Physical abuse is when a parent, guardian, or other person responsible for the child's care hurts a child, causing any physical injury, other than by accident. This includes any physical injury to a child that cannot reasonably be explained by the person responsible for the child's care, based on a history of injuries.
The following are conditions of physical abuse that should be reported:
Child has suffered an injury that appears to be non-accidental in nature
Child has suffered an injury and the parent or guardian seems unconcerned, denies anything is wrong, or gives unlikely or contradictory explanations
There is a strong possibility that the child is in immediate danger of physical injury based on the likelihood that excessive force was used (i.e. choking, punching, shaking, biting, tying, caging)
Harm to a child that results from what a parent or caretaker do not do is called child neglect. It differs from child abuse though both abuse and neglect may cause harm. For a Minnesota State definition of child neglect, see pp. 12-18 of the Minnesota Child Maltreatment Screening Guidelines .
Child neglect is continued failure by parents or caretakers to provide a child with needed care and protection. Examples of what may constitute a report of child neglect are:
Inadequate food, clothing, shelter, or medical care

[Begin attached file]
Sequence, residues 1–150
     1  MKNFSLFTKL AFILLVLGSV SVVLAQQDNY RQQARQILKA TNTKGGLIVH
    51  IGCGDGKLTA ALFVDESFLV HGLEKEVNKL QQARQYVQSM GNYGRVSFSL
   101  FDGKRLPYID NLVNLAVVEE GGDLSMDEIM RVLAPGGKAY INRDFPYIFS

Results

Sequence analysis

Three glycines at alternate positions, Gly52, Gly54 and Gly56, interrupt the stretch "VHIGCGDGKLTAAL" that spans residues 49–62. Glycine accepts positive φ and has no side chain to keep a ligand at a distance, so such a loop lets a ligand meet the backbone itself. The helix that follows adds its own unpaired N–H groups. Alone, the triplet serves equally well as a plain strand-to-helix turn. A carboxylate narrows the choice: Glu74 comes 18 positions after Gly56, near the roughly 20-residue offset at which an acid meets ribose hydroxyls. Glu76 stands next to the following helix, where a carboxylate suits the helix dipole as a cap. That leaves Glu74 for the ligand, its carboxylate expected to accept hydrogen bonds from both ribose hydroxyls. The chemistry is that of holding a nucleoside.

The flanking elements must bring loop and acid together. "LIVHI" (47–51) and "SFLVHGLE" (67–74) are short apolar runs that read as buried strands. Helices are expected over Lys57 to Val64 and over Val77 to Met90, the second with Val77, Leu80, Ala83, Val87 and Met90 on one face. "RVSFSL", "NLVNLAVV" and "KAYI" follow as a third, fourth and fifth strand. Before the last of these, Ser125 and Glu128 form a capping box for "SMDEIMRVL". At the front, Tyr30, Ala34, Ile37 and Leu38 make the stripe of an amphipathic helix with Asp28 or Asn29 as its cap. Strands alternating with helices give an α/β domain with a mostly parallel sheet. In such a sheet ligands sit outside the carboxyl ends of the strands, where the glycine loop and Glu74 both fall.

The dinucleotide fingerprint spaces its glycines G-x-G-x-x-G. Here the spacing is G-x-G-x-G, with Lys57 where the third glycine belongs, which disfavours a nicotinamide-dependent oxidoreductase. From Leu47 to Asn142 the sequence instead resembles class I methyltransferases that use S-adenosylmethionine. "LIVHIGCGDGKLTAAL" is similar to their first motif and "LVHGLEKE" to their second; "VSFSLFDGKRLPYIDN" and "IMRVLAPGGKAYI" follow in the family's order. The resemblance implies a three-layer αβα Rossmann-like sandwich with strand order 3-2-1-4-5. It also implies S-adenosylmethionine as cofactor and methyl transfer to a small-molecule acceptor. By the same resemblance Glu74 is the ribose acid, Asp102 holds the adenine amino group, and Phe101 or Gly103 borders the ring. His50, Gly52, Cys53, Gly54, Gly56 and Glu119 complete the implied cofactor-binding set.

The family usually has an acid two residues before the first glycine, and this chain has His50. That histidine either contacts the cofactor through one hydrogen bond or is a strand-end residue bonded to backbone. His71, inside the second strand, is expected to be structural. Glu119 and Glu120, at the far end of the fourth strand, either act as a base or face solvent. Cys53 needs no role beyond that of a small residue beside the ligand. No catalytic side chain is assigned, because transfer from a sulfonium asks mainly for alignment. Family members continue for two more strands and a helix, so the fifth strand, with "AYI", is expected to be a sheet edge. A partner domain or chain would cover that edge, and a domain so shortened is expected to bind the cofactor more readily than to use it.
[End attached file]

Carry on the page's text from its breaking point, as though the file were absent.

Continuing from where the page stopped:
Exposure to threatening or endangering conditions
Prenatal exposure to substance abuse. For more on this topic, see pp 17 and 18 Minnesota Child Maltreatment Screening Guidelines.
Inadequate supervision. For more on this topic talk with an Anoka County child protection worker at 763-422-7125 and see pp. 16 and 17 of the Minnesota Child Maltreatment Screening Guidelines.
Child has suffered a physical injury as a result of hazardous conditions uncorrected by parent or guardian
Child suffers injury or risk of injury due to domestic violence
Exposure to, or involvement in, criminal activities
Emotional abuse or maltreatment is consistently or deliberately inflicting mental harm on a child by a person responsible for the child’s care. The treatment has an observable, sustained, adverse effect on the child’s physical, mental or emotional development.